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If The Imitation of Christ has a rival in sales, it is The Pilgrim’s Progress, written by John Bunyan. On November 12, 1660, Bunyan left home to conduct a small worship service in a friend’s house. Earlier that year King Charles II of England, Bible clutched to breast, had returned from exile to restore the monarchy and to return the Church of England to its position of authority. All non-Anglican houses of worship were closed, making Bunyan’s preaching of the gospel now treasonous.
Arriving at the farmhouse, Bunyan learned that a warrant had been issued for his arrest. His friends urged flight. “No!” he replied. “I will not stir neither have the meeting dismissed. Let us not be daunted. To preach God’s Word is so good a work that we shall be well rewarded if we suffer for that.” The service was soon disrupted by the local constable, and Bunyan managed only a few parting words before being arrested. He spent the next 12 years imprisoned in Bedford, England, during which time his family suffered and his beloved blind daughter, Mary, passed away.
Bunyan supported his family by making laces in prison; but shortly he discovered a hidden gift—the ability to write. His fame as an imprisoned writer fueled sales of his books, and he eventually wrote 60 volumes, one for every year he lived. His most famous work, written during the final phase of incarceration, is The Pilgrim’s Progress. It sold 100,000 copies during Bunyan’s lifetime and millions since. It joins The Imitation of Christ in being publishing history’s top bestseller, apart from Scripture.
Bunyan spent his final years in his little cottage in Bedford where visitors often found him studying, his library consisting only of a Bible and some of his own works. On his deathbed battling high fever, Bunyan rambled in tortured, fractured words; but even these were collected and published as Mr. Bunyan’s Dying Sayings. They include this one: The spirit of prayer is more precious than treasure of gold and silver. Pray often, for prayer is a shield to the soul, a sacrifice to God, and a scourge for Satan.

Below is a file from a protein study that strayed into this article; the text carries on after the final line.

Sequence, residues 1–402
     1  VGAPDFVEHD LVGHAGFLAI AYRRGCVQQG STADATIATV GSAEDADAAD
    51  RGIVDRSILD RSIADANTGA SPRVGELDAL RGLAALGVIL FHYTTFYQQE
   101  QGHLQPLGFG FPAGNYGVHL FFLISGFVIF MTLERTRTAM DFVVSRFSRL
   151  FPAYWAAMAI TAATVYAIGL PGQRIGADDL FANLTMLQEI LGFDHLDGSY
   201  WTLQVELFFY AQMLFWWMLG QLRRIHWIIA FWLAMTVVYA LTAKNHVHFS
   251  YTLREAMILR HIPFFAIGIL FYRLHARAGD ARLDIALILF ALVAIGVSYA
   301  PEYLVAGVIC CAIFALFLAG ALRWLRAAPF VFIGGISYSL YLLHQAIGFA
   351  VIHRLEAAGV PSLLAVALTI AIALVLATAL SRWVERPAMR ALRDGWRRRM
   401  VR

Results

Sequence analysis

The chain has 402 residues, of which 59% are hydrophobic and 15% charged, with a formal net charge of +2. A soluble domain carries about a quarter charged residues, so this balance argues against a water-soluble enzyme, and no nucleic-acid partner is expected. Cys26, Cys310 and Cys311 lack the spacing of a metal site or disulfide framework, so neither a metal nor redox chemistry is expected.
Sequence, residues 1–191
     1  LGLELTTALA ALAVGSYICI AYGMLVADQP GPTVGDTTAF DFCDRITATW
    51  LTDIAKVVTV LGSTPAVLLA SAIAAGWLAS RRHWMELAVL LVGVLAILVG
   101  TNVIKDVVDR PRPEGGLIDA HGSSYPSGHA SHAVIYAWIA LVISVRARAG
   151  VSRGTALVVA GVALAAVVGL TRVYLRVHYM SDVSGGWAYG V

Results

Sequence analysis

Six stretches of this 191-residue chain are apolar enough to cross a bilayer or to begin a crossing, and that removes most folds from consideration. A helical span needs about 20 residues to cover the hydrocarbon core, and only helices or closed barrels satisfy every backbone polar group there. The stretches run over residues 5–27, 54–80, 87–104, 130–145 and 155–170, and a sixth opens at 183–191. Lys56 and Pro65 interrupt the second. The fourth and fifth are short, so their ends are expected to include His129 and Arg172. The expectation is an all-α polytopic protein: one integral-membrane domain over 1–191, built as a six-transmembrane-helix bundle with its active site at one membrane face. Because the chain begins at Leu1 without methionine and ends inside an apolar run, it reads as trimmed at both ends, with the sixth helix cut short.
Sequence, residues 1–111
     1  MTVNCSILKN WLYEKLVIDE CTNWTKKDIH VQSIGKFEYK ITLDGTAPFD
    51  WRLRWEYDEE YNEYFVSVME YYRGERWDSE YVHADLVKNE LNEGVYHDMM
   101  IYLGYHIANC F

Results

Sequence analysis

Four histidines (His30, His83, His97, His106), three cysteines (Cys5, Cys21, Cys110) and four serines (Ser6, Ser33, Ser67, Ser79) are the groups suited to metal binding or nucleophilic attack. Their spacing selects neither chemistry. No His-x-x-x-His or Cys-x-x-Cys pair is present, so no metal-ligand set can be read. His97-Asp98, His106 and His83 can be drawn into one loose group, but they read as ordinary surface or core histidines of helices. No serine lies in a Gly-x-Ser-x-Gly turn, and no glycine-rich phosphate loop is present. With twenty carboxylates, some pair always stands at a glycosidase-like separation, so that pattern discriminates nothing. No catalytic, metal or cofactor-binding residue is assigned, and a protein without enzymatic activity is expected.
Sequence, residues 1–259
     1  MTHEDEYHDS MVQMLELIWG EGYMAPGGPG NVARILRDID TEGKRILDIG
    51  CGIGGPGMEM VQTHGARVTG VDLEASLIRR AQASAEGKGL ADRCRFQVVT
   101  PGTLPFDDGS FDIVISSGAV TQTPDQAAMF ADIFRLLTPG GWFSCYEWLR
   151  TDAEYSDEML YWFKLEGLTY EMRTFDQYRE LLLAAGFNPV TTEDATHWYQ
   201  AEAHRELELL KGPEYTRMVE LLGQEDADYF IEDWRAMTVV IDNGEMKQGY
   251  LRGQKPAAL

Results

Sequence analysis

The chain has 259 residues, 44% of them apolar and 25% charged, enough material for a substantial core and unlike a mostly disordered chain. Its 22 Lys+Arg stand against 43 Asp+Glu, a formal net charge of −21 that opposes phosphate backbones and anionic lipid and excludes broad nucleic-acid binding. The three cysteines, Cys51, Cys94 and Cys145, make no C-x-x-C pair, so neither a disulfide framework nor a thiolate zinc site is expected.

When people talk this way, it is clear that they are looking for a place to call their own. If they had been talking about the land where they had once lived, they could have gone back at any time. But they were looking forward to a better home in heaven. (Hebrews 11:14-16a)
Robert J. Morgan, On This Day: 265 Amazing and Inspiring Stories About Saints, Martyrs & Heroes, electronic ed. (Nashville: Thomas Nelson Publishers, 2000, c1997). Nov. 12.
ALSO ON THIS DAY
1704 – Forty-two-year-old Matthew Henry writes in his journal that he means to prepare a commentary on the entire Scripture. A couple days later he adds, “I set about it, that I may endeavor something and spend my time to some good purpose and let the Lord make what use he pleaseth of me.” He will complete most of the project before his death in 1714. Friends will put it into final form and publish it.
1879 – Amanda Smith, the African-American evangelist, arrives in Bombay, India.
1886 – Huang Guangcai, the first Chinese deacon and the first Chinese clergyman of the Protestant Episcopal Church in China; died in Shanghai.
*Information retrieved from Christianhistoryinstitute.org.